How to Relieve Wrist Hyperextension Pain
Wrist hyperextension is a type of wrist sprain that typically occurs when you suffer a severe impact on your outstretched hand. People most commonly experience wrist hyperextension when they suffer a fall and land on one of their hands. This pushes the wrist backward toward the top of the forearm, overextending it and even breaking the ligaments in the wrist in some cases.
You’ll usually notice wrist hyperextension by the sudden sharp pain that accompanies the injury when it first happens. Other symptoms of wrist hyperextension include stiffness, tenderness, bruising, tingling, swelling, a reduced range of motion, and wrist spasms. There are several things you can do to help ease the pain associated with a wrist hyperextension injury.
Use the R.I.C.E. Method
The R.I.C.E. method is your first line of defense when you’ve suffered a wrist sprain. This well-known treatment involves the following steps:
- Rest: Stop the activity immediately and rest the injured wrist. This is especially important if you’ve suffered wrist hyperextension during a sporting event. Don’t attempt to play through the pain, as you could make the injury much worse. You should rest your wrist and avoid putting any pressure or weight on it for 24 to 48 hours.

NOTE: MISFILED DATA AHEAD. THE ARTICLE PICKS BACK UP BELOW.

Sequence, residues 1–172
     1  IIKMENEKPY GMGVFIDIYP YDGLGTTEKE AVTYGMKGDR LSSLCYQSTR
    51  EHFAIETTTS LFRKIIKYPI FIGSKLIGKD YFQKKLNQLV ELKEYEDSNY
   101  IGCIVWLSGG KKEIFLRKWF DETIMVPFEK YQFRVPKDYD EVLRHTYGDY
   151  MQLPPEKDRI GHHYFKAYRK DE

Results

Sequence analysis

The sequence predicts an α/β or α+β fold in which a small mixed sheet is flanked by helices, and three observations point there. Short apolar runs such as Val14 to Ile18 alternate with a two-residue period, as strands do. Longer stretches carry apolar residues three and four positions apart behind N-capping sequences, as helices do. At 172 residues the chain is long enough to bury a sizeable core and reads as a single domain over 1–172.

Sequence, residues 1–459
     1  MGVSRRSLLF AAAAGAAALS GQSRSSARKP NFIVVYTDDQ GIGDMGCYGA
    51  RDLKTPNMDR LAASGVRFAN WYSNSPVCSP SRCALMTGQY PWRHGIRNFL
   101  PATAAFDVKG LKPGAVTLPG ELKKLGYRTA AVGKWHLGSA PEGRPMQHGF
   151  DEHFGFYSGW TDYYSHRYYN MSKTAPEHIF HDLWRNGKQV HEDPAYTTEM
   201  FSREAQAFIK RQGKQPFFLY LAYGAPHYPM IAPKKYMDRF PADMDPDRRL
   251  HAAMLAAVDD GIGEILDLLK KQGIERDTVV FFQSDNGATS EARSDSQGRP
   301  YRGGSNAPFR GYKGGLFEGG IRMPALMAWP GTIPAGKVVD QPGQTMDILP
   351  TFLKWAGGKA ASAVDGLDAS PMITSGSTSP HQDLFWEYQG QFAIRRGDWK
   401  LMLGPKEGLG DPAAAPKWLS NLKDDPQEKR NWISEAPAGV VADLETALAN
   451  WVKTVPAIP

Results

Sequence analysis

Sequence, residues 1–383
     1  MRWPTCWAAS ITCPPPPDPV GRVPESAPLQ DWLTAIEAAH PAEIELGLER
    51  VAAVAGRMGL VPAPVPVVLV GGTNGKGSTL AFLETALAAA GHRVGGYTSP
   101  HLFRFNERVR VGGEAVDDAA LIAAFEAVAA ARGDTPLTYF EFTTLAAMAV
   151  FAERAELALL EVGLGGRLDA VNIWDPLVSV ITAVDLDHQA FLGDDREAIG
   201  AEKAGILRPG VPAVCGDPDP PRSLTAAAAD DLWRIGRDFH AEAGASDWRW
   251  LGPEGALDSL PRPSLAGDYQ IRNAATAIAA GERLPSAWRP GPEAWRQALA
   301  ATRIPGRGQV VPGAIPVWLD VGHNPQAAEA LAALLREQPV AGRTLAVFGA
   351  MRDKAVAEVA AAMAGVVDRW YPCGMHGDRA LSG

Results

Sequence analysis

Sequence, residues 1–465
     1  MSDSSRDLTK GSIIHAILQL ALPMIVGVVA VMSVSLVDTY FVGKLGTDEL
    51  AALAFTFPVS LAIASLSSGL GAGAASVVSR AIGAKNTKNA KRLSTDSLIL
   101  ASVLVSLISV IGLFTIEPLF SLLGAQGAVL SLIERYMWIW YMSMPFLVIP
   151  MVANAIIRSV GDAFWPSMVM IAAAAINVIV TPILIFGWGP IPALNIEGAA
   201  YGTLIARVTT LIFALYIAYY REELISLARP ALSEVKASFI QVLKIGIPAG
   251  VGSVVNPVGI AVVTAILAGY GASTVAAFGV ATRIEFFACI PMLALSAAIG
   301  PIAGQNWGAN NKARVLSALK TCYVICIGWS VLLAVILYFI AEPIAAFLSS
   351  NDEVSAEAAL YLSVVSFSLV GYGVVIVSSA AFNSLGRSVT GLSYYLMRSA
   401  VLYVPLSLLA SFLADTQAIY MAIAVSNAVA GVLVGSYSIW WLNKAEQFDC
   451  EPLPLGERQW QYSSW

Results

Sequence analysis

- Ice: Apply an ice pack to your wrist for a period of 15 to 20 minutes. Repeat this process every two to three hours during the initial 24- to 48-hour period when resting your wrist and actively treating the fresh injury.
- Compression: Wrap your wrist in a bandage or use a compression sleeve to help reduce any pain and swelling. Proper compression will also reduce your range of motion and prevent you from straining your wrist further.
- Elevate: Hold your wrist above the level of your heart as often as possible while you’re resting it to help to reduce inflammation and minimize pain and throbbing. Laying down flat on your back and raising your arm slightly by propping it up on a pile of pillows can help keep your wrist comfortably elevated as you relax.
Implementing R.I.C.E. immediately after your injury can help it heal successfully without further intervention. However, you may need to proceed to some of the following treatments if you have a more serious injury.
Over-the-counter anti-inflammatories can help reduce pain and swelling associated with wrist hyperextension. Some common non-steroidal anti-inflammatory drugs (NSAIDs) are Motrin, Advil, and Aleve. You should take these medications as directed on the bottle. Using NSAIDs can increase your risk of ulcers and bleeding. Talk to your healthcare provider if you need to take NSAIDs long-term for pain and swelling. Your doctor can recommend the proper dosage and schedule for your needs.
Apply Kinesiology Tape
Properly applying kinesiology tape to an injured wrist can provide some immediate pain relief and allow you to perform essential everyday tasks more comfortably. To tape your wrist :
- Place one piece of tape over the back of the wrist with 80% stretch. Press the middle of the tape down while stretched.